It was lovely to see everything looking ready to receive the new season’s growth, beds tidied and mulched … no doubt left a little wild during the winter, to afford habitat for wildlife and to allow some seeds to feed birds, as well as to drop into the ready soil.  I especially loved the little area near the potting shed, which boasts elegant garden architecture, as well as tastefully careful landscape design.

 

 

 

The potting shed itself was delightful to visit – attractive and of great interest; it was useful to find a description there of how pest control was managed in the past. Nowadays so little thought is given to the damage that we are doing to ourselves, to wildlife, to ecology, and to the future of our children’s experiences of the natural world by the use of so many toxic pesticides, synthetic fertilisers, all manner of cleaning materials, genetically engineered plants, etc. Indeed, we are “shooting ourselves in the foot”, instead of learning from and following in the footsteps of our clever ancestors, who knew how to work with Nature, to create something out of little, to harm few or none in the process of fending for themselves. I think about these things, when I wander about!

 

 

 

The notice on the potting shed wall reads:

“The Potting Shed

The potting shed is the gardener’s laboratory! Before commercial pesticides became available, gardeners mix their concoctions of chemicals on a stove in the potting shed, using recipes that have been handed down over generations.

Most ingredients can be found easily and cheaply such as soot, elder leaves, dung, urine and ashes.  Other materials that are used can be bought locally such as soap, lime, sulphur and tobacco.

It is a real factory … in order to realise why gardens have so many flowerpots, it is important to remember that every plant in the garden will  have been grown from seed, carefully nurtured and then planted out (there are no garden centres for instant effect at this time).

Potting sheds are the domain of the workforce and the gentry never visit them, just as there is a definite line between ‘upstairs’ and ‘downstairs’ in the house.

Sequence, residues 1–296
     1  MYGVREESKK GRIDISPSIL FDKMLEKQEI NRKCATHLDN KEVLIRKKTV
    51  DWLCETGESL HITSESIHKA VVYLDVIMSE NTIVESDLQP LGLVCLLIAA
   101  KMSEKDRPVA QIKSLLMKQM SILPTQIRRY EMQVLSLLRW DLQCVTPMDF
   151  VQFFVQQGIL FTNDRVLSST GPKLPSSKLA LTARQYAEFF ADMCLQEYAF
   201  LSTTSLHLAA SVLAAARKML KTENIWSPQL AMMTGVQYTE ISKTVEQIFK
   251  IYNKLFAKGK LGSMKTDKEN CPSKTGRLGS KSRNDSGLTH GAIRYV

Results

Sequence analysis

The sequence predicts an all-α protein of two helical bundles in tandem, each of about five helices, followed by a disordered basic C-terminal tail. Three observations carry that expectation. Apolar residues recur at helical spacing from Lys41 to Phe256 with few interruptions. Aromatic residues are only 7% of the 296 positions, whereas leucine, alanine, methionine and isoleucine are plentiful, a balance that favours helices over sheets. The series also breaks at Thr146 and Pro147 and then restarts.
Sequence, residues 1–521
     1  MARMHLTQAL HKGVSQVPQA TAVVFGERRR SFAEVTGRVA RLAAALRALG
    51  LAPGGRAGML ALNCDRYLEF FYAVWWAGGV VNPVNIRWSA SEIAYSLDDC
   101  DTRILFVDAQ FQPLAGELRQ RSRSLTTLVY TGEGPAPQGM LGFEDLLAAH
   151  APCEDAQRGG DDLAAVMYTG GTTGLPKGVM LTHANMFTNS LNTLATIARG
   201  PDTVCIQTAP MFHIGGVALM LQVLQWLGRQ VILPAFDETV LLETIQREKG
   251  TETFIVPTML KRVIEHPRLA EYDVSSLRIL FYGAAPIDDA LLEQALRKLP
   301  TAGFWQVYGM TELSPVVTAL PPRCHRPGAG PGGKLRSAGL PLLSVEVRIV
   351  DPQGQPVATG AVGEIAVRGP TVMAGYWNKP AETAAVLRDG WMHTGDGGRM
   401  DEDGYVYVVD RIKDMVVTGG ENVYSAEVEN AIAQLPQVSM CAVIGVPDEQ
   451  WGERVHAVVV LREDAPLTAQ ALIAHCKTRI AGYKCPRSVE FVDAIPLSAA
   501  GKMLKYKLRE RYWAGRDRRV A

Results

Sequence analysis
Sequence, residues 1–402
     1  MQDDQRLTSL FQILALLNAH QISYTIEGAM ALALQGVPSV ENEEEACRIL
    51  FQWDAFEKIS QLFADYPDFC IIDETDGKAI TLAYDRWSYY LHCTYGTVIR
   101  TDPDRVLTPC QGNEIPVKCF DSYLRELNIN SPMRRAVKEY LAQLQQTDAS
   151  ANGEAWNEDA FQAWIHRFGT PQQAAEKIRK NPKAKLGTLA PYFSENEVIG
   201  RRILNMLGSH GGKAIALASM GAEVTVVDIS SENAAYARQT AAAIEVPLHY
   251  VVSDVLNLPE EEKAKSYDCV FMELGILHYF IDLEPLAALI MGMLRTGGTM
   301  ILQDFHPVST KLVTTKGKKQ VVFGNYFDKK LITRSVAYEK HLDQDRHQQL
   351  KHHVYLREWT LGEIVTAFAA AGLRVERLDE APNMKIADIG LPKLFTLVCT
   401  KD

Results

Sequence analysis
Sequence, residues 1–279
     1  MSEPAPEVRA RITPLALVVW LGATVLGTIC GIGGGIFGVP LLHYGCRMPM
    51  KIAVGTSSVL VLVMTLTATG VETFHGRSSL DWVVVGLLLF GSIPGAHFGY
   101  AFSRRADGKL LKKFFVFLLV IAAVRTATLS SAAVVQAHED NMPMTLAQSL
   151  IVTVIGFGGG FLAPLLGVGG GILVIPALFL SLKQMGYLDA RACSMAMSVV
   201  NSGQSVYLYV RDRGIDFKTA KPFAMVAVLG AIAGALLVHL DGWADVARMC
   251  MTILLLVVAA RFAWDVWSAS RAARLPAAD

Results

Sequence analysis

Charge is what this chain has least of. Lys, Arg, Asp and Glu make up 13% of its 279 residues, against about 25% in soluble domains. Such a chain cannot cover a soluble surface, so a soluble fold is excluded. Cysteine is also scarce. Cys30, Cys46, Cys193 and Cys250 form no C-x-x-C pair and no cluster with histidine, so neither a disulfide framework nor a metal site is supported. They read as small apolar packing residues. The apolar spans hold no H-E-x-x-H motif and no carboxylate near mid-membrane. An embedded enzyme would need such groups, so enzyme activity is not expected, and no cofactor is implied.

Use of Poisons

Dangerous ingredients, such as arsenic and strychnine, are used regularly in the garden as they can be bought very easily – however the Arsenic Act (passed in 1851) allows only people over 21 to buy it, and the sale has to be recorded in a Poisons Book.

The most dangerous ingredients are generally kept in a poisons cupboard in the potting shed. In true Agatha Christie style, if there is a murder on the Estate, the first place the police tend to look is in the potting shed!

In order to keep flies out of the potting shed and prevent them from laying eggs in the compost mix, the walls of potting sheds are painted with Reckitt’s Blue.  This is a blue powder added when washing clothes in order to produce a clean blue-white appearance.”

I find all of this fascinating, don’t you?

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A thirsty honey bee, sipping raindrops from the petals of a white daffodil flower.

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Lovely white narcissus (daffodils) at RHS Harlow Carr ~ and the little honey bee I spied, which features in another photo here, captured close up.

As we ambled quickly along the paths, we encountered a few surprises, such as the very tall willow statue of a Roald Dahl story character, The BFG, which would surely delight every child who visits there and also provides inspiration, perhaps, for what one might do with natural materials found outdoors.  He, the BFG, was a ‘friendly chap’ ~ I took a quick photo to remember the artwork by …